Stress Mess

Stress mess.  Stocks slid yesterday as trade tensions continued to weigh on traders and the Fed seemed content with rates just as they are.  Tuesday’s optimism gave way to stress as investors began to think about a potential trade retaliation from China.


1)  The Fed is, or was, happy with their current policy.  Yesterday’s FOMC minutes showed that the Fed was committed to keeping rates on hold for the long haul.  The minutes also revealed that it was not just Chairman Powell who believed that the slump in inflation was temporary.  Many believed that Jay Powell went off script in the press briefing following the last policy meeting when he said that the soft inflation was “transitory”.  The comments caused a selloff in equities but many traders continued to hold out hope of a rate cut later this year in order to boost inflation to target and to counter the effects of the trade war.  The minutes made it pretty clear that the policy-making body was not even considering the cut.  Yesterday’s minutes release hampered stocks as hopes of a rate cut were somewhat dashed.  It is important to realize however that the meeting took place before the trade war with China escalated.

2)  No relief in site for trade negotiations.  WHILE YOU SLEPT, the heat was turned up by China.  A Chinese Government researcher reported that the trade war and its effects will last to 2035! Additionally a state-controlled publication referred to the US as a trade troublemaker stating that the President’s trade policy is making the US a laughing stock.  Equity futures were weighed down by the rhetoric.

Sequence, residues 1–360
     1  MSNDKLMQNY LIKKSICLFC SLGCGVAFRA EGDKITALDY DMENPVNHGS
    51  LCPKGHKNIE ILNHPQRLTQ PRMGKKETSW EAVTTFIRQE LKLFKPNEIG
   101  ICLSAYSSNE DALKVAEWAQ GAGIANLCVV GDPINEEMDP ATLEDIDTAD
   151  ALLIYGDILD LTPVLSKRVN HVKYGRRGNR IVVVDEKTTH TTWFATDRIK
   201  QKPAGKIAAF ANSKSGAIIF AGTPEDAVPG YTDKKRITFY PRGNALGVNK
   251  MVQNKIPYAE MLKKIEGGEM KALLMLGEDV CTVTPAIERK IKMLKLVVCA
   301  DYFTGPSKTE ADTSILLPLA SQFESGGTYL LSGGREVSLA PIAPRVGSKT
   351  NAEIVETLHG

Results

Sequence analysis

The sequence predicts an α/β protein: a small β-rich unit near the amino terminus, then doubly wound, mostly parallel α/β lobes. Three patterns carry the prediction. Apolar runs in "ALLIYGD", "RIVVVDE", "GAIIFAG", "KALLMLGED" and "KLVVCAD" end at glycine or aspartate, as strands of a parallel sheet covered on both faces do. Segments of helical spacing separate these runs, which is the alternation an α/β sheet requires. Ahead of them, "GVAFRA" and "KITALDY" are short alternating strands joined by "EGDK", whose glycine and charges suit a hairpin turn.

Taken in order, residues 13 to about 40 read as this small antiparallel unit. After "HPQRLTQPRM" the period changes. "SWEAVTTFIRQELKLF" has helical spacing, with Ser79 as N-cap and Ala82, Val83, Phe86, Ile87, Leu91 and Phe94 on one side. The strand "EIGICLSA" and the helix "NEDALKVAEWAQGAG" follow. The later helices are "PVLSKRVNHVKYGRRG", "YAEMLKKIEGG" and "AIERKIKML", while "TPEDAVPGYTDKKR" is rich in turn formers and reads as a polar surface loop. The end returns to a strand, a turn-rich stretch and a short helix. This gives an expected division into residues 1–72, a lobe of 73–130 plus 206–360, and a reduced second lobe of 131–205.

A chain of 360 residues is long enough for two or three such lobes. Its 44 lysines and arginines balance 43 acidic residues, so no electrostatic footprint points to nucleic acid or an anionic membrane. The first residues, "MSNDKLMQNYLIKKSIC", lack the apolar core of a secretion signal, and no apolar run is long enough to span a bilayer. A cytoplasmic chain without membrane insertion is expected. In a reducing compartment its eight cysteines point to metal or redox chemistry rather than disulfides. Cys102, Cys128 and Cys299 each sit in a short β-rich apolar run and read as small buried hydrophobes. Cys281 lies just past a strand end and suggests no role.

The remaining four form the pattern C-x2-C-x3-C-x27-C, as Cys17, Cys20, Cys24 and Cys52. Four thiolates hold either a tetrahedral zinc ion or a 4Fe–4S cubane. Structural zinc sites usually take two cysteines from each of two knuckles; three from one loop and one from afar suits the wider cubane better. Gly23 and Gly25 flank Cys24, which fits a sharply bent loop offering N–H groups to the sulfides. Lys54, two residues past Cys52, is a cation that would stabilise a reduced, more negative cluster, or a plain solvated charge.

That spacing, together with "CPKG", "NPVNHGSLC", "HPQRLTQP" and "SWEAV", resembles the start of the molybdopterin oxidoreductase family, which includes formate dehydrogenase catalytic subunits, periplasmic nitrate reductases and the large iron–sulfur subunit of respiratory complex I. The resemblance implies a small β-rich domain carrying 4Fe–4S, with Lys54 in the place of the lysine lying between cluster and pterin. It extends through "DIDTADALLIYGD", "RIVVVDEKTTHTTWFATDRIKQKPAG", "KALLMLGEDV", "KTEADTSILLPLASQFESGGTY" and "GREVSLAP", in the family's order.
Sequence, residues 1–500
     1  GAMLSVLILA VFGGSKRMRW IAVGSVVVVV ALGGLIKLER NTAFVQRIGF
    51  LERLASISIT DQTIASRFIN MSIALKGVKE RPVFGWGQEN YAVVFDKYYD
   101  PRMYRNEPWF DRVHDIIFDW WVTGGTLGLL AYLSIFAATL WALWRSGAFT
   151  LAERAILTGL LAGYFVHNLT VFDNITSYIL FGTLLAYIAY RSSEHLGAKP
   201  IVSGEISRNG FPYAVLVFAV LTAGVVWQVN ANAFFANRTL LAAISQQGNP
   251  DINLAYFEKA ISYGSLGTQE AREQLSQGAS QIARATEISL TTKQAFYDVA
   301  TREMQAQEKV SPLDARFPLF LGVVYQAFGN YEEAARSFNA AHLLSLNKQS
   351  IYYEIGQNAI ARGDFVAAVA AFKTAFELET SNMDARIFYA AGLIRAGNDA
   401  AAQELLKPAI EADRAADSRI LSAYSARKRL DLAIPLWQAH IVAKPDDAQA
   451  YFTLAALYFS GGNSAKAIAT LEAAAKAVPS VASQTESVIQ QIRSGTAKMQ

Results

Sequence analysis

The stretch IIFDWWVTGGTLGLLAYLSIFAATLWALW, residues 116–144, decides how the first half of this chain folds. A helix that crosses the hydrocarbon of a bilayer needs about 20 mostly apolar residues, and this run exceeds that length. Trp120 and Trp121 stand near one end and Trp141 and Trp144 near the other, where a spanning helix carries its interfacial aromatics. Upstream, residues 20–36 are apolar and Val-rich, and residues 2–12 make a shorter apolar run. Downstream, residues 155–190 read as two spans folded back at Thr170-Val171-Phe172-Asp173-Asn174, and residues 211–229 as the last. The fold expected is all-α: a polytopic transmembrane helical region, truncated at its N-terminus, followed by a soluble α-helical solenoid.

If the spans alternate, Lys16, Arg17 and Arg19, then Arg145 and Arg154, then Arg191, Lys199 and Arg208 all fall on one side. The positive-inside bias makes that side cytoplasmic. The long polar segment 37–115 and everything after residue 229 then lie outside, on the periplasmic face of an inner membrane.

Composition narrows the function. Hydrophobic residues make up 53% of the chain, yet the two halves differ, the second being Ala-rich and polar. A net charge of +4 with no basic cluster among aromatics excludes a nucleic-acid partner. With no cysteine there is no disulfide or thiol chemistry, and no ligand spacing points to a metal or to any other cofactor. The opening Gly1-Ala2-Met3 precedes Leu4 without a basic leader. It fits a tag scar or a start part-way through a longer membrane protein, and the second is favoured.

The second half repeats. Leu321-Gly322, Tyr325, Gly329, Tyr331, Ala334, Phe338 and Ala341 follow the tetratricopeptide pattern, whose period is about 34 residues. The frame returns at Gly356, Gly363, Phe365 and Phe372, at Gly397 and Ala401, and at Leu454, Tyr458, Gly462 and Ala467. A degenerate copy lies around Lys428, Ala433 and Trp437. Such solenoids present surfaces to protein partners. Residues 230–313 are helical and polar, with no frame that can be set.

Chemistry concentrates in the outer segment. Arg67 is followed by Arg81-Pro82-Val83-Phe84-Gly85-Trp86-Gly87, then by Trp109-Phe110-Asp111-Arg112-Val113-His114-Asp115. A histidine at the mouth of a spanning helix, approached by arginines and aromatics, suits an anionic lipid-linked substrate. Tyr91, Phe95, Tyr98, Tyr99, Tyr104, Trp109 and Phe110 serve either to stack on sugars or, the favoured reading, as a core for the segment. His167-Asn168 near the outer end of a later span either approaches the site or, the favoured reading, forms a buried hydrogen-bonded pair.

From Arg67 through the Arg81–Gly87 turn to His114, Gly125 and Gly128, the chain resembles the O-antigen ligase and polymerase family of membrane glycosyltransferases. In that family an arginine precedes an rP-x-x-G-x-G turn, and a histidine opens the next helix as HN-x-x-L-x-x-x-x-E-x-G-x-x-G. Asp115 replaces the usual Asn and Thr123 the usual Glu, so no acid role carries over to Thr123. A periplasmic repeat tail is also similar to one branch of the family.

3)  BREXIT alert… it’s still ugly.  Prime Minister Theresa May seems all but on her way out as a top cabinet minister resigned and she appears to have lost faith from her own Tory Party, not to mention the opposition Labor Party.  Parliament watchers expect May to be out as early as tomorrow.  All of the wrangling is increasing the probability of a no-deal BREXIT, which would not be welcomed by business owners.


Stocks could not gain any ground yesterday as traders were hit with a steady stream of bad news. News that Qualcomm had received a negative ruling in a court case involving its pricing combined with a renewed fear that China would take out its Huawei frustrations on Apple caused the tech sector to fall by -0.57%.  The FOMC minutes release added more pressure to an already reeling market and a weekly Department of Energy report on crude supply showed a buildup of crude oil causing a selloff in oil and the energy sector, which fell by -1.58%.  The S&P500 fell by -0.28%, the Dow Jones Industrial Average slipped by -0.39%, the Russell 2000 traded off by -0.88%, and the NASDAQ 100 sunk by -0.41%.  Bonds advanced yesterday and the ten-year treasury yield fell by -4 basis points to 2.38%.


This morning, Markit will release its preliminary PMI’s and Manufacturing is expected to have risen to 52.7 from last month’s 52.6 and Services is expected to be 53.5 compared to last month’s read of 53.0.  Also this morning, the US Census Bureau will release its New Home Sales figure which is expected to show a month over month decline of -2.5% versus last month’s +4.5% growth.  In the Fed world, Robert Kaplan (Dallas Fed), Mary Daly (San Francisco Fed), Raphael Bostic (Atlanta Fed), and Tom Barkin (Richmond Fed) will be on a panel taking Q&A.  Pre-bell earnings include Kraft Heinz, Best Buy, and Hormel.  After the bell, we will hear from Intuit, Hewlett Packard Enterprise, HP Inc., Ross Stores, and Lions Gate Entertainment, amongst others.

daily chartbook 2019-05-23


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